Fear is an eminently useful evolved characteristic; the ability to recognize and avoid threats has an obvious survival benefit. Fears can be learned, but as the famous "Little Albert experiment" showed, the object of our fear can result in overgeneralization, which is probably the origin of phobias and other irrational fears. (For those of you unfamiliar with this interesting, but dubiously ethical, experiment, researchers back in 1920 showed a toddler a variety of objects, including a white rat -- and when the baby reached for the rat, they made a loud noise. Soon, "Little Albert" would cry when shown the rat, but also when shown other white objects, including a rabbit, a stuffed bear, and a Santa mask.)
All of this comes up because of some recently-published research at Cold Spring Harbor Laboratory, where neuroscientist Bo Li and his colleagues have discovered how we encode fear in the brain -- and how those memories result in behavior.
It has been known for some time that the fear response results from activation of neurons in the amygdala, an almond-shaped structure deep inside the brain. In 1998, K. S. LaBar et al. used fMRI studies to demonstrate the role of the amygdala in responding to fear stimuli, but it was still unknown how that structure actuated the behaviors associated with the fear response -- sweating, increased pulse, freezing in place, and the fight-or-flight reaction.
Now Li and his colleagues at Cold Spring Harbor have found that there are neurons that connect the amygdala to the brainstem, and that activation of a fear response causes a feedback between the amygdala and brainstem via those neurons -- thus turning an emotional response into a behavior.
"This study not only establishes a novel pathway for fear learning, but also identifies neurons that actively participate in fear conditioning," says Li. "This new pathway can mediate the effect of the central amygdala directly, rather than signaling through other neurons, as traditionally thought." Li hopes that his study will be useful in understanding, and perhaps remediating, cases of severe phobias and post-traumatic stress syndrome.
I find myself wondering, however, how this evolved system, with its elaborate architecture and neurochemistry, can explain why some people seek out fear-inducing experiences. I've been drawn to horror stories since I can remember, and have written more than one myself. The cachet that writers like Stephen King and Dean Koontz have is hard to explain evolutionarily -- given the fact that fear is unpleasant, intended to drive us to avoid whatever the evokes the response, and is supposed to communicate to our brains the message, "Danger! Danger! Run!"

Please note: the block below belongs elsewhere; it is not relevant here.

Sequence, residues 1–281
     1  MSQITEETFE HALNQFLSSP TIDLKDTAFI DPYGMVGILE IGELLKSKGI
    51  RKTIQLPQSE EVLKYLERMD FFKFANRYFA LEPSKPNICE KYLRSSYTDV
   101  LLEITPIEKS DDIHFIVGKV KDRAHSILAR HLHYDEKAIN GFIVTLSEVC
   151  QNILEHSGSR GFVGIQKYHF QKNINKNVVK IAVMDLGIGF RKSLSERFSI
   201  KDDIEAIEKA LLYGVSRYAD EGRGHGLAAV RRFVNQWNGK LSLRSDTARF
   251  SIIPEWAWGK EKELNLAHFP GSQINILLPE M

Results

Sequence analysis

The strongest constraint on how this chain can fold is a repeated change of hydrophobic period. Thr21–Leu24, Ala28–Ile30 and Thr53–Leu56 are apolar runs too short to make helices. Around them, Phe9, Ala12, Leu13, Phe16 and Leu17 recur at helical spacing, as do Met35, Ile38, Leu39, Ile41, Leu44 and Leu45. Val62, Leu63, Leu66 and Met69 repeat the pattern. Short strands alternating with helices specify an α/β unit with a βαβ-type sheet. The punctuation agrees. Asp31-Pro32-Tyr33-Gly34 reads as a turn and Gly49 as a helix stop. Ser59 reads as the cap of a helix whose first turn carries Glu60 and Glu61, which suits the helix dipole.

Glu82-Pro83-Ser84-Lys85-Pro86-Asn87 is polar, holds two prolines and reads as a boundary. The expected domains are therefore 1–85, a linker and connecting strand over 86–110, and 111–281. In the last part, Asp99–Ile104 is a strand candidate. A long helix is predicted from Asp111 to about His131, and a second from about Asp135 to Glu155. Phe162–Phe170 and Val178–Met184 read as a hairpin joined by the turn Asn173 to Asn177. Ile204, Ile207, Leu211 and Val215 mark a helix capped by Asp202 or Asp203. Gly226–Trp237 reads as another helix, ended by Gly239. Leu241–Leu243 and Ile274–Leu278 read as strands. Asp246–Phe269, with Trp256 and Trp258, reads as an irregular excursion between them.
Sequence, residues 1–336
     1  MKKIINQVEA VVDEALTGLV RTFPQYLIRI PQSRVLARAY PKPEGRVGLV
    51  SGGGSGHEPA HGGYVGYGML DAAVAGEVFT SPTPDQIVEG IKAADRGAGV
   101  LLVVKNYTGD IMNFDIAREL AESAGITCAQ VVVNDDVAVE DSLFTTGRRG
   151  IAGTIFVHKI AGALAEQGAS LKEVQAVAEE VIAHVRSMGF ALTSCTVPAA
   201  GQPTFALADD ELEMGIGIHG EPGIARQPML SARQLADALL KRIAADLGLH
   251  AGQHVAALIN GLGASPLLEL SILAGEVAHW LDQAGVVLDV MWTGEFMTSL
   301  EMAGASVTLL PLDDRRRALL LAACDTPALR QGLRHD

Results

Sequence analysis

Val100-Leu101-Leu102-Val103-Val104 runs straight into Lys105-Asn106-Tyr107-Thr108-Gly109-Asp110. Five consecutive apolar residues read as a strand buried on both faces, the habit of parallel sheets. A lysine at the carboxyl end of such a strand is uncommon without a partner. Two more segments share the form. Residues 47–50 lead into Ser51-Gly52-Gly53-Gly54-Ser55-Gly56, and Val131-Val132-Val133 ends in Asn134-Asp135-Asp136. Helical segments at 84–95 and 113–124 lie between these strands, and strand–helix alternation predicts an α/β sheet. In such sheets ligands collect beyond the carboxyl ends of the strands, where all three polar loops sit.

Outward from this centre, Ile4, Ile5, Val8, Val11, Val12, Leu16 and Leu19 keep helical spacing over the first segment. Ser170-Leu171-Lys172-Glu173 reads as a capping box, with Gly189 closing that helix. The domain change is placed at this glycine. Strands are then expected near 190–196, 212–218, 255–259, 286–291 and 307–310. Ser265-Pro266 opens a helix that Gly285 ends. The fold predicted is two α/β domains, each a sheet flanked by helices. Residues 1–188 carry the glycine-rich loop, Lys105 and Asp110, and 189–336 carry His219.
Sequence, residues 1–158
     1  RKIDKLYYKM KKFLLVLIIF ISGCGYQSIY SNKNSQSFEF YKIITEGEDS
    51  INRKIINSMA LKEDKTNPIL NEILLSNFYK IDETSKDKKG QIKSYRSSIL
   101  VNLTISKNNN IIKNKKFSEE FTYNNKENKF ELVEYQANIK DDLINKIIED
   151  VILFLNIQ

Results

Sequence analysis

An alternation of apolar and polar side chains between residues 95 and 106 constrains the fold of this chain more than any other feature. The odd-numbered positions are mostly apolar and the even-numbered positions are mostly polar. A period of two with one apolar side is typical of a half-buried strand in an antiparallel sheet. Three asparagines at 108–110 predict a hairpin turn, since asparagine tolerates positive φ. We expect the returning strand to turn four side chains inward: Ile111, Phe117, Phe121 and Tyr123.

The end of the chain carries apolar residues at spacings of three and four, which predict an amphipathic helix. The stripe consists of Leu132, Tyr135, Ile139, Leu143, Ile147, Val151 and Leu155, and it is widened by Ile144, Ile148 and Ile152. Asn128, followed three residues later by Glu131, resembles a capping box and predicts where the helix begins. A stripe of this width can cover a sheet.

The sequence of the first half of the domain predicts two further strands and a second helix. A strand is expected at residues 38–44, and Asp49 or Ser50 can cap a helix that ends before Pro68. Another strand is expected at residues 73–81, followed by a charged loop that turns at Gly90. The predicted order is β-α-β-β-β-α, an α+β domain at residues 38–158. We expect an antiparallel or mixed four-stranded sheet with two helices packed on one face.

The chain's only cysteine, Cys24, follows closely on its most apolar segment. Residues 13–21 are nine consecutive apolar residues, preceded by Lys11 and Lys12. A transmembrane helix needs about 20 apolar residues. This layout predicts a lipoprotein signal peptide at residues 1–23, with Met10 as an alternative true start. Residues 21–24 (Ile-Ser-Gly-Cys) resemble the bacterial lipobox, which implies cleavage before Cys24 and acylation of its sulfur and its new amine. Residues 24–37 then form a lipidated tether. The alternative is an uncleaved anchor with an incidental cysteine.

[image courtesy of the Wikimedia Commons]
Take, for example, one of my favorite scary stories -- one I remember well from my youth. My grandma, who was an avid book collector, had a little paperback copy of a book by C. B. Colby called Strangely Enough. This book had dozens of odd little one-to-two page stories, most of which fell into the "urban legend" or "folk tale" categories and were entertaining but not particularly memorable. But one of them, a story called "The Whistle," has stuck with me -- and evidently not only me. When researching this post, I looked up Colby, and found his little book had been mentioned more than once in websites about scary stories -- and damn near everyone mentioned "The Whistle" as being the scariest of the lot.
I don't have to tell you the story, though, because two film directors, Eric Walter and Jon Parke, thought it was good enough to make a short film based on the story. It's only seven minutes long, but it captures the essence of what is chilling about Colby's story -- without a single word of dialogue. It's not gory (for those of you who dislike such things), just viscerally terrifying. And all of you should right now take seven minutes and watch "Whistle."
There. Did I tell you? What I find the scariest about this film is that... almost nothing happens. You never see the monster, if monster it was. All there is is a whistling noise. But it's got all the elements; a widowed woman living alone; a dog who tries to warn her that something is amiss; an old house; a radio that mysteriously malfunctions.
But why is it scary? It is, I think, precisely because we fear the unknown. What is known is (usually) harmless; what is unknown is (possibly) deadly. We've undergone millions of years of evolutionary selection to create brain wiring that keeps us from making stupid decisions, such as confronting a predator while weaponless, trusting a stranger without caution... or staying outside when there's a strange, unearthly noise.
Perhaps that explains why we're drawn to horror fiction. The character trapped in the story is in danger, perhaps mortal danger, from which (s)he may not be able to escape. We, on the other hand, can experience the character's fear on a visceral level, but then we can turn the movie off, close the book, go back to our safe, normal lives, secure in the fact that we're not going to die, or at least not yet. We can get the rush of terror, but then when the scary story is over, the pleasure-and-reward circuits that our brain also evolved can turn on and reassure us that the monsters didn't get us, that we've survived for another day.
And now Bo Li and his colleagues have discovered how the brain helps us to do that. As for me, I'm going to go have some coffee, and wait until my amygdala calms down, because while I was doing this post, I had to watch "Whistle" again, and now I'm all creeped out.